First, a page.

Dow soars to record point gain

499-point surge comes as Nasdaq also rises, ending 3-day sell-off

`This is kind of unheard of'

Dow up 820 in 2 days as investors continue their `flight to quality'

March 17, 2000|By William Patalon III | William Patalon III,SUN STAFF

The Dow Jones industrial average soared nearly 500 points yesterday -- its biggest single-day point gain in history -- as investors continued to pile into the "Old Economy" stocks that as late as last week had been left for dead.

The lately ailing "New Economy" stocks joined the charge: The Nasdaq composite index surged more than 134 points, ending a three-day sell-off that had seen the important technology index shed nearly 10 percent of its value.

"It is a heck of a day, no question about it," said Mark Vitner, vice president and economist for First Union Corp., in Charlotte, N.C. "This is kind of unheard of."

For the day, the Dow climbed 499.19 points, or 4.93 percent, ending the trading session at 10,630.60, and smashing the previous record point gain of 380.53 on Sept. 8, 1998, but nowhere near the record 15.34 percent jump in 1933.

The 30-stock index, viewed as a blue-chip bellwether, rose 320.17 points on Wednesday, bringing its two-day gain to almost 820 points. The two-day increase of 8.35 percent was the biggest since Oct. 20-21, 1987 -- when the Dow was recovering from the 1987 stock market crash.

Even with the gain, the index remains down 9.3 percent from its Jan. 14 closing record of 11,722.98. Since then, the Dow has twice dipped low enough from that record high to approach the 20 percent decline that most say signifies a bear market.

A much broader index, the Standard & Poor's 500, climbed 66.33 points, or 4.76 percent, and ended the day at 1,458.47. That, too, set a record as the largest point gain for the S&P 500, and left it within 1 percent of its all-time high.

The Nasdaq, in negative territory for much of the day -- it was down more than 127 points before noon, reversed course to finish up 134.77 points, or 2.94 percent, closing at 4,717.39.

"After four days of hard selling in the Nasdaq, we may be getting to an end," said Larry Seibert, a money manager with Barrett Associates in New York. "Prices have come to the point that we're nibbling."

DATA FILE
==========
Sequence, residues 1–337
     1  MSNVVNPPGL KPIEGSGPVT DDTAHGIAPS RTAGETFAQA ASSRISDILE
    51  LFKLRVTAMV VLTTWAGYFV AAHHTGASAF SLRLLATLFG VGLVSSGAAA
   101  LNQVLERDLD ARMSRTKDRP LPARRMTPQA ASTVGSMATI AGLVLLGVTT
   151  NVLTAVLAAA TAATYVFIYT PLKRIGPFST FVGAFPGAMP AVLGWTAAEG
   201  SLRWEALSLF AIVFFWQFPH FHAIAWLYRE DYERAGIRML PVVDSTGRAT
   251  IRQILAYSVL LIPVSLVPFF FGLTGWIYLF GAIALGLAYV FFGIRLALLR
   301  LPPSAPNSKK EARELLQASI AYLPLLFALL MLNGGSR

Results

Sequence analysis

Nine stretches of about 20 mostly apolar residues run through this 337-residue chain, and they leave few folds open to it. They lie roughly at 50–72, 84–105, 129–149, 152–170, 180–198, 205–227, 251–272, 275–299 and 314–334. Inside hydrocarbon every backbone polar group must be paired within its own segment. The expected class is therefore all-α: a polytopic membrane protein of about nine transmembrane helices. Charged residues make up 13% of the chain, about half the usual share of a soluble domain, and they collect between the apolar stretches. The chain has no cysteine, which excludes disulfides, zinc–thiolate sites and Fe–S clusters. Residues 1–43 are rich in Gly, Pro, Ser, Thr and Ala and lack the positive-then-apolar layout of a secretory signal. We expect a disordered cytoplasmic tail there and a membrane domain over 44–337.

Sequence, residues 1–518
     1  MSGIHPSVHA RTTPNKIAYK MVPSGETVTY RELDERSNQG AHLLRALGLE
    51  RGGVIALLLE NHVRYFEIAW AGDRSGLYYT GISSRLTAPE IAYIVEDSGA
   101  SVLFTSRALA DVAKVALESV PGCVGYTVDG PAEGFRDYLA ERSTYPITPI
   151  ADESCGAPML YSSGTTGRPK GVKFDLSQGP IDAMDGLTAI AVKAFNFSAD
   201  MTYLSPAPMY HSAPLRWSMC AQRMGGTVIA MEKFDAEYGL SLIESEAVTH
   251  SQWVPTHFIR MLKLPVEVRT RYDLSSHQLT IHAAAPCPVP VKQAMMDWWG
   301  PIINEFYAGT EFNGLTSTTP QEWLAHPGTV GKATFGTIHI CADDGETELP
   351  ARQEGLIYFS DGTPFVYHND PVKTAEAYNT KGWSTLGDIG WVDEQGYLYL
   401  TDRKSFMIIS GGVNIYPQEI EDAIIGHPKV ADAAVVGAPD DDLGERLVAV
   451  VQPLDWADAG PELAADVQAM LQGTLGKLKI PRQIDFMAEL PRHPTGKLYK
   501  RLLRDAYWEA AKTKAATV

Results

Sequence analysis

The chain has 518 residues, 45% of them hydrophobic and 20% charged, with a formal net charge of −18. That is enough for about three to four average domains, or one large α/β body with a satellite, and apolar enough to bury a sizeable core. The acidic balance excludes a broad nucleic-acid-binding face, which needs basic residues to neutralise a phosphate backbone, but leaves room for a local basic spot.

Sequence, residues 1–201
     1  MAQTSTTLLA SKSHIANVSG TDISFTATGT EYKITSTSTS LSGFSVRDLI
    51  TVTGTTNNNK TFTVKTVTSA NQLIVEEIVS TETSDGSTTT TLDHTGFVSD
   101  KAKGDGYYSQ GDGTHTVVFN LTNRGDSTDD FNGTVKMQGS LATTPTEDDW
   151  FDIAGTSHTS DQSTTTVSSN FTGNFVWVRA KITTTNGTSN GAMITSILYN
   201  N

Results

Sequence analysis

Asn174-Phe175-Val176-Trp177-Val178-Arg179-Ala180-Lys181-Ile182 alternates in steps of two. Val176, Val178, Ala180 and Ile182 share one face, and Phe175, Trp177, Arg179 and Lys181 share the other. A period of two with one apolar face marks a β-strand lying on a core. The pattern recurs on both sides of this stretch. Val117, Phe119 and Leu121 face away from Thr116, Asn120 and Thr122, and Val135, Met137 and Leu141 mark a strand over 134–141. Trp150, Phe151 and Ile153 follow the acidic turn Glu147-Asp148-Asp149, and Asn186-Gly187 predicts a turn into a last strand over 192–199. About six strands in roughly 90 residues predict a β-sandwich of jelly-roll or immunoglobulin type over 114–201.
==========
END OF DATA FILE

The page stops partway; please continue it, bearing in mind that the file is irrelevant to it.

Dow and Nasdaq gain

What was especially important about yesterday's market performance was that the Dow and Nasdaq turned in strong gains in tandem. Over the past month, daily trading increasingly resembled a tug of war between Old Economy stocks and the shares in the telecommunications, information technology, Internet and biotechnology companies that investors associate with the New Economy.

The Nasdaq set 15 record highs during this year's early going, while the Dow punished investors who had thrown in their lot with once-dependable blue chips. This week, Dow stocks recovered, but at the expense of the tech stocks that make the Nasdaq their home.

Yesterday was the best of times for Old Economy Dow members such as Alcoa Inc. (up $4.875 to $68.9375), General Motors Corp. (up $4.9375 to $83.75) and DuPont (up $2.875 to $53.50) that had lately seen the worst of times.

"It's been like the `Tale of Two Markets,' " said Angel Mata Jr., senior vice president of listed stocks for Legg Mason Inc. in Baltimore.

The divergence between the indexes, as well as the now-daily volatility -- the big swings in stock prices and market indexes that thrill some investors and vex others -- was becoming a point of worry with professional investors, because such peculiarities have at times been the advance guard of nasty bear markets.

And when there were gains, particularly in the Dow, they were often due to strong performance from just a few stocks. Market breadth -- the number of stocks going up compared to the number going down -- was very poor, which is also the sign of a sick stock market. Yesterday, more than three stocks rose for every one that fell on the New York Stock Exchange, the broadest advance in 18 months.

"Virtually all of these stocks that are rising have been so badly beaten down that, even with their gains, they are just becoming attractive," said Howard Kornblue, a money manager for the Phoenix-based Pilgrim Funds.

Analyzing investors

Legg Mason's Mata believes this week's action shows that, at least for now, there's been a fundamental change in the way investors approach the market. In the past, during periods of uncertainty, there would be a so-called "flight to quality" -- typically a shift from stocks into government or high-quality corporate bonds. With so many consumers now in the stock market -- through retirements plans or regular, taxable brokerage accounts -- Mata says that a flight to quality may now be signified by an investor shift from high-risk stocks into low-risk shares, such as the blue chips that make up the Dow.

Investors were clearly busy, as well as enthusiastic, in their trading yesterday. The Big Board had its busiest day ever, with almost 1.5 billion shares changing hands. The Nasdaq stock market saw 2 billion shares traded, the seventh most ever.

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